Want to win a PS4? Go Premium and enter to win our High-Tech Treats giveaway. Enter to Win

x
Solved

# Comma operator and order or precedence

Posted on 2013-12-11
Medium Priority
297 Views
Ah hello.

I am sure I am having a silly moment here, but I am trying to understand the comma operator in C++ and "operator precedence" rules (which I believe are a general maths thing, hence me posting this in the Maths TA too:)).

From what I have read about the comma operator, we have two facts

1) The result of it is the right hand value, so for example a,b would yield b.
2) It has the lowest operator precedence.  I read this means "it's always the last one to bind to an expression", but I don't quite get that bit.

So, if we have

a = (b , c)

the evaulation sequence would first be (b,c) which would yield c, hence a would be assigned c.  But I am struggling with

a = b , c

This is apparently equivalent to

(a = b) , c

The result of this expression is b.

Now, I know we have to evaluate the brackets first, which results in b, so we then have

b, c

Q1) From rule 1 above, why is the result hence not c?  Clearly something is incorrect in what I deduced above, but I cannot see it...

Q2) Can someone clarify fact 2) above and what "it's always the last one to bind to an expression" means?

TIA
0
[X]
###### Welcome to Experts Exchange

Add your voice to the tech community where 5M+ people just like you are talking about what matters.

• Help others & share knowledge
• Earn cash & points
• 3
• 2

LVL 31

Expert Comment

ID: 39710942

1. This is because the comma seperates the two statements, so the expression a = b , c is equivalent to ( a = b ) , c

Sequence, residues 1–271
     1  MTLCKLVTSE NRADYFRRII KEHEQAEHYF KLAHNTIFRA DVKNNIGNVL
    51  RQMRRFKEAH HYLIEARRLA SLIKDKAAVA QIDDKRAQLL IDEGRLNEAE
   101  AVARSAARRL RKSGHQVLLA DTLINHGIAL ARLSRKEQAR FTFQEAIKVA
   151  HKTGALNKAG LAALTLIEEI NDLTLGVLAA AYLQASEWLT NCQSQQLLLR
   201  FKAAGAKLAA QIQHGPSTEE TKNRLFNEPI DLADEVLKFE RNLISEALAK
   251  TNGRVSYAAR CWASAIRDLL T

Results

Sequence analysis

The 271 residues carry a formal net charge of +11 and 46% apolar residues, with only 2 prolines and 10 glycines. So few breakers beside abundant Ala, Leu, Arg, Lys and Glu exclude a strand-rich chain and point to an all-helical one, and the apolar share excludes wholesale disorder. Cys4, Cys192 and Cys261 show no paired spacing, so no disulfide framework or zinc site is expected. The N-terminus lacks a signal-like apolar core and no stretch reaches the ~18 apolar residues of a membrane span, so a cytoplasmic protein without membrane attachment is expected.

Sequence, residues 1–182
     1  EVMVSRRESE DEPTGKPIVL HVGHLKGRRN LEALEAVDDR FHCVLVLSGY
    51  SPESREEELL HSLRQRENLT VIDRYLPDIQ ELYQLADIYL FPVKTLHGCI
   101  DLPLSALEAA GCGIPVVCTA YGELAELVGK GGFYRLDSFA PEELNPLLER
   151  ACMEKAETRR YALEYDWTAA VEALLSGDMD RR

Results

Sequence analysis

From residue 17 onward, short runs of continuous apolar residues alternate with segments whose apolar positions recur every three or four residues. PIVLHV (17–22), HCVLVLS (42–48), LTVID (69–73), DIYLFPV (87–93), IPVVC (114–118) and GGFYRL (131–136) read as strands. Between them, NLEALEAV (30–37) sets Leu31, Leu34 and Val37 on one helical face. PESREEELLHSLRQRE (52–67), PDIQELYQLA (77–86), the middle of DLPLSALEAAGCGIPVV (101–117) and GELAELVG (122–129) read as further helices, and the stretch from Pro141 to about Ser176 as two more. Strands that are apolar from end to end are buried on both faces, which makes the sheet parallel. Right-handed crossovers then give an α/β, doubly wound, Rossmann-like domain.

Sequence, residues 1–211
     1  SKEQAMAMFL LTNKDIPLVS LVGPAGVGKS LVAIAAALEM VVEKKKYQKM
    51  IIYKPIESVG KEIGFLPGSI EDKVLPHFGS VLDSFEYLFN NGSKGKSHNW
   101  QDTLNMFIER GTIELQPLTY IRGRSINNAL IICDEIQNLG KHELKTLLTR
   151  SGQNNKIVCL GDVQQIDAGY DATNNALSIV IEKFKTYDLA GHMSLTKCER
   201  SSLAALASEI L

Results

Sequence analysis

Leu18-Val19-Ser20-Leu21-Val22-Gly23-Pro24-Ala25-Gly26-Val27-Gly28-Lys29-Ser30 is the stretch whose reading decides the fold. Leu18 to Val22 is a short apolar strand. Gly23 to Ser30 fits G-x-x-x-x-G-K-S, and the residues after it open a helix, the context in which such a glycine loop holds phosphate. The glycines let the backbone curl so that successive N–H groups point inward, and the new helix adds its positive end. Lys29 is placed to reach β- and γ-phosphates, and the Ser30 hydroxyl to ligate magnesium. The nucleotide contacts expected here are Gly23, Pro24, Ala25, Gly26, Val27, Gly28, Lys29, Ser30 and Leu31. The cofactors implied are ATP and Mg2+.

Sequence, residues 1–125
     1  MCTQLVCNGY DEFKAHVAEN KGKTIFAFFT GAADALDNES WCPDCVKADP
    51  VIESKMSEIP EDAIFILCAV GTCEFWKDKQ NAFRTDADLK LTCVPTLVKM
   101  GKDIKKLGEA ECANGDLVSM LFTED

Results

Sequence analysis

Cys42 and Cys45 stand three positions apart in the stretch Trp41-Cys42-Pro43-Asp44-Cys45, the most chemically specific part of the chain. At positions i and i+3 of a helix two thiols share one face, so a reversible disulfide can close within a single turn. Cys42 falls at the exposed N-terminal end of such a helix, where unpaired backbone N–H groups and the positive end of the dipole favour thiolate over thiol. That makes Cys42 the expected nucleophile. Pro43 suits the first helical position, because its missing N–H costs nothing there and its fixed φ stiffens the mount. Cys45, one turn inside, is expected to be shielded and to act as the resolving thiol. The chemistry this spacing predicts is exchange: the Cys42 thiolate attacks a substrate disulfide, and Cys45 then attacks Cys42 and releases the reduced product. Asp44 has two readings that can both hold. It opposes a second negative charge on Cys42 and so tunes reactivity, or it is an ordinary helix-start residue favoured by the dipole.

One maybe important fact: In C++ it's possible to override comma-operators which may lead to confusion since if it is overridden it starts acting like a function call which means there's no order defined in which left- and rightside expressions are executed. For this you can find a sample at i.e. http://madebyevan.com/obscure-cpp-features/

Hope that helps,

ZOPPO
0

LVL 19

Author Comment

ID: 39710950
Thanks ZOPPO, but what you say I have already observed.  The result of

( a = b ) , c

is (and this is where I might be wrong!)

b, c

which is why I cannot see why the overall answer is not c!
0

LVL 31

Accepted Solution

Zoppo earned 800 total points
ID: 39710959
Yes, that's correct, but the c is never assigned to anything. You have two different statements, "a = b" and "c", so a is equal to b afterward, no matter in which order the statements are evaluated.

Maybe it's clear when you check this:

x = ( a = b, c );

This results in 'a = b' and 'x = c'.
0

LVL 19

Author Closing Comment

ID: 39710972

"but the c is never assigned to anything"

plus the lovely little example perfectly explain this.

Thank you!
0

LVL 31

Expert Comment

ID: 39710979
You're welcome, I'm glad I could help :o)

Have a nice day,

best regards,

ZOPPO
0

## Featured Post

Question has a verified solution.

If you are experiencing a similar issue, please ask a related question

When writing generic code, using template meta-programming techniques, it is sometimes useful to know if a type is convertible to another type. A good example of when this might be is if you are writing diagnostic instrumentation for code to generatâ€¦
Basic understanding on "OO- Object Orientation" is needed for designing a logical solution to solve a problem. Basic OOAD is a prerequisite for a coder to ensure that they follow the basic design of OO. This would help developers to understand the bâ€¦
The viewer will learn how to use the return statement in functions in C++. The video will also teach the user how to pass data to a function and have the function return data back for further processing.
The viewer will be introduced to the technique of using vectors in C++. The video will cover how to define a vector, store values in the vector and retrieve data from the values stored in the vector.
###### Suggested Courses
Course of the Month8 days, 7 hours left to enroll